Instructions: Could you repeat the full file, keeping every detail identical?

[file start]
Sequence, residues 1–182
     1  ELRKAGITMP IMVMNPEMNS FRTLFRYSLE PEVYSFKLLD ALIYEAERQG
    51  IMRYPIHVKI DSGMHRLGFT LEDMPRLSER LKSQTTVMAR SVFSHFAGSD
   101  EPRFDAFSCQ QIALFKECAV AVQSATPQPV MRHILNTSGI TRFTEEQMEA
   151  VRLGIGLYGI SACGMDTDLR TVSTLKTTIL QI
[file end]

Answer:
Sequence, residues 1–182
     1  ELRKAGITMP IMVMNPEMNS FRTLFRYSLE PEVYSFKLLD ALIYEAERQG
    51  IMRYPIHVKI DSGMHRLGFT LEDMPRLSER LKSQTTVMAR SVFSHFAGSD
   101  EPRFDAFSCQ QIALFKECAV AVQSATPQPV MRHILNTSGI TRFTEEQMEA
   151  VRLGIGLYGI SACGMDTDLR TVSTLKTTIL QI